Archives For homosexuality

John Stott (1921-2011)

John Stott (1921-2011)

“We are all human beings. This is to say that there is no such phenomenon as a ‘homosexual’.”
~John Stott, Evangelical, 1990



The quickest way to minimize anyone is to give him or her a label: “nigger, kike, gay.” With labels, people become ‘other’ – disposable, not quite human, to be placed away from us.

It might even be a purity issue – for such people are seemingly unclean. An ‘abomination’ perhaps? By labeling people groups, we have immediately created apartheid with them.

To me, the greatest sociological sadness today are the terms “gay” and “lesbian”. These dehumanizing labels continue to affirm a group as “not us”.


Sexuality is a means into relationship. Sexuality is much more than physical arousal and orgasm. Attached to a person’s sexuality is the capacity to feel affection, to delight in someone else, to get emotionally close to another person, to be passionately committed to him or her.

Sexuality is at the core of that marvelous human experience, ‘being in love’—to be struck by the beauty of another and be drawn out of yourself, to become attached to another human being so powerfully that you easily begin measuring your life in terms of what’s good for someone else as well as for yourself.

To have to be afraid to feel sexual is to restrain that noblest of human possibilities – romantic love for another human being. To restrain It is to short-circuit human spontaneity in a whole array of expressions—creativity, motivation, passion, commitment, heroic achievement. It is to be afraid of part of one’s own deepest self.

People who are afraid of their sexuality are constantly in hiding from their own selves. As a result, they are handicapped in all their dealings with other people and especially in their capacity to love deeply. All interior growth is stunted when people repress their affection, for heartfelt passion is really the engine of human achievement. So, in a profound and important way, for people to have to choose between religion and sexuality is to have to choose between religion and themselves. As we are coming to understand the matter today, it is to have to choose between God and human wholeness. That choice seems too hard, and it does not seem to make sense.

We all know that ‘homosexuality’ is a core aspect of the personality, probably fixed by early childhood, biologically based, and affecting a significant proportion of the population in virtually every known culture.


Mounting scientific evidence shows it is nobody’s doing that people are lesbian or gay. There is no reason to believe that homosexuality in itself is in any way unhealthy. And there is no credible evidence that sexual orientation can be changed nor convincing argument that it should be. The sociological, the psychological, the biological evidence, all more and more surely points in the same direction. The fact is that some people just happen to be homosexual.According to faith, it is God who creates us.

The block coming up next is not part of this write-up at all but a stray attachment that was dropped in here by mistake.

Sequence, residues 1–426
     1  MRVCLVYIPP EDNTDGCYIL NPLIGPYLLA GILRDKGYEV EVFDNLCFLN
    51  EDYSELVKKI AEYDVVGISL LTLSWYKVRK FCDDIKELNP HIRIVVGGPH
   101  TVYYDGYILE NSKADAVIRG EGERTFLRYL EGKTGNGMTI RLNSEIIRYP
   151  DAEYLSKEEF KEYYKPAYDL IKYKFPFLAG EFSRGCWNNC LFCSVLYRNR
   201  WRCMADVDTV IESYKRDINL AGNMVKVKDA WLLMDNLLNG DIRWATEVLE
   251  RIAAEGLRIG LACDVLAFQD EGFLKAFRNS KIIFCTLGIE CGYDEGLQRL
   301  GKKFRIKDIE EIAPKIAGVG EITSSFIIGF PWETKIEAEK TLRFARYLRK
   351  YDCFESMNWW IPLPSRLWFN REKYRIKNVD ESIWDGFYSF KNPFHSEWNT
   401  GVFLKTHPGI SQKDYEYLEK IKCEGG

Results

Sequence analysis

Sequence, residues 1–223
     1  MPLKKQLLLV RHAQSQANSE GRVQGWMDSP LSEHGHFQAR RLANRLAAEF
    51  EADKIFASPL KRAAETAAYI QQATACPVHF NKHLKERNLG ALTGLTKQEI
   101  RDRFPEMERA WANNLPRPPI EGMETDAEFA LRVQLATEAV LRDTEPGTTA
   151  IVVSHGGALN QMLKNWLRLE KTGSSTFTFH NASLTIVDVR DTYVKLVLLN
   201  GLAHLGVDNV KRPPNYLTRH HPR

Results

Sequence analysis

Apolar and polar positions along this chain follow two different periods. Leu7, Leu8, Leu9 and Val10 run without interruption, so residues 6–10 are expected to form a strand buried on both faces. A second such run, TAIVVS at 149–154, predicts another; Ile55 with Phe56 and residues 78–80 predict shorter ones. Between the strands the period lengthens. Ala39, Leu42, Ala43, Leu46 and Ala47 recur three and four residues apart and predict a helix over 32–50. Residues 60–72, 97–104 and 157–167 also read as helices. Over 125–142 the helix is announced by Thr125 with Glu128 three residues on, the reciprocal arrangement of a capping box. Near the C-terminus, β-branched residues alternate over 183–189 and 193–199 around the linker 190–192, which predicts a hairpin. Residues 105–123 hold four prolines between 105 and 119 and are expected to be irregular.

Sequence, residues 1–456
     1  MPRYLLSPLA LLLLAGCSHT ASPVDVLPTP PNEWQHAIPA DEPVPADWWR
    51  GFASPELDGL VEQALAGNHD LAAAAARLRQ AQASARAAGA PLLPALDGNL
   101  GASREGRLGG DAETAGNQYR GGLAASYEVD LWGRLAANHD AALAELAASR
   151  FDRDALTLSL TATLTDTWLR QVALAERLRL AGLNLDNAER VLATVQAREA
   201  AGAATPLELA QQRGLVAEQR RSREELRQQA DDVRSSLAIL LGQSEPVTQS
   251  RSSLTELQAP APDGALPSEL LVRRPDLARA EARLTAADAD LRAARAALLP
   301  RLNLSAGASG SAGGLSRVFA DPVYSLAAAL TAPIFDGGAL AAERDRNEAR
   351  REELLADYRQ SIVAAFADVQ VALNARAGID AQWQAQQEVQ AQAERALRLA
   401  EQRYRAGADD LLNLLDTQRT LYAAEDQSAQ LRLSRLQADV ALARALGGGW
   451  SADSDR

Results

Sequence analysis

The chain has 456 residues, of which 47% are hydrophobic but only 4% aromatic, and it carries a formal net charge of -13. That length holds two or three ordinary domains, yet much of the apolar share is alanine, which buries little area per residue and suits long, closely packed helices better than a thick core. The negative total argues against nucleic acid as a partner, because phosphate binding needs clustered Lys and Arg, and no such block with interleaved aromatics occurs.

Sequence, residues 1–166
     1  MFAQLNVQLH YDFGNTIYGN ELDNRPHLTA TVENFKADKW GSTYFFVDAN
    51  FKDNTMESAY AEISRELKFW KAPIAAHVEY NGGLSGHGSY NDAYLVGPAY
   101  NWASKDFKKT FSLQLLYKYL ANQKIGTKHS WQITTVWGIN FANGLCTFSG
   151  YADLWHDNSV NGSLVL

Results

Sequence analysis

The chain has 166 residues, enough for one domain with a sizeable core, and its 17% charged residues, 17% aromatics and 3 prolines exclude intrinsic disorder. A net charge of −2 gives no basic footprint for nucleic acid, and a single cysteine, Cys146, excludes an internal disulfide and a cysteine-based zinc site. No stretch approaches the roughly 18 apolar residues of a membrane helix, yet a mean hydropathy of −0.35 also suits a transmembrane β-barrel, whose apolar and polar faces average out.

Divine Providence forms us as we are. Our genes, our temperaments, our time and place in history, our talents, our gifts, our strengths and weaknesses—all are part of God’s inscrutable and loving plan for us. So somehow God must be behind the fact that some people are homosexual. Should God’s word in the Bible condemn homosexuality? There must be a mistake in the reasoning somewhere.

Could it be that gays and lesbians are the mistake? That they are inherently flawed? Some would believe so. But then God must be evil or be playing some cruel trick, but that cannot be. “God does not make junk,” claims Daniel Helminiak  in his scholarly work, What The Bible Really Says About Homosexuality. “There must be another answer,” Helminiak says. ” The mistake must be in how the Bible is being read. “

This is the argument presented here. In perfectly good faith, two different people reading the same text can come up with two different meanings.

Abraham Lincoln (1809-1865)

Abraham Lincoln (1809-1865)


Unfortunately, the Bible in America has been used as a weapon for over 200 hundred years. As Abraham Lincoln said in his second inaugural address in 1865 when describing the interpretation of Scripture by those in the Union, and those who were Confederates, “Both read the same Bible and pray to the same God, and each invokes his aid against the other.”

The interpretation of the meaning of the Bible is not a new nor recent phenomenon.

Interpretation has been used to thwart women from voting (men should have authority over women), to barricade people of color from enjoying their liberties (former slaves should still serve society under their former master’s pleasure), to block people marrying outside their race (the purity of tribes in Judaism needs to be respected) , and to keep members of the same-sex from knowing love under the sacred tent of matrimony (homosexuality is an abomination).

To be clear, the Bible will say whatever you want it to say, but the over-riding message of the Holy Bible is love. Indeed, according to Scripture,  our Creator is Love.


The Ten Commandments do not address homosexuality. It is also interesting to note that in the recorded history of Jesus Christ, the son of God does not speak of ‘homosexuality’ at any time.

Both the omission on the tablets and Jesus’ own silence speaks volumes. The most important living character in the epoch of Christendom never had anything negative to say about homosexuality. In fact, he had nothing to say at all about it.


One of the oft quoted lines from Scripture comes from Leviticus, calling homosexuality an ‘abomination’. Firstly, it is used within the context of unrestrained lust as rape or promiscuity. Secondly, this expression occurred long before Jesus’ lifetime. Jesus brought about a new covenant, born of grace over the law, erasing that which had come before Him, so that all might know the gift of eternal life through Him.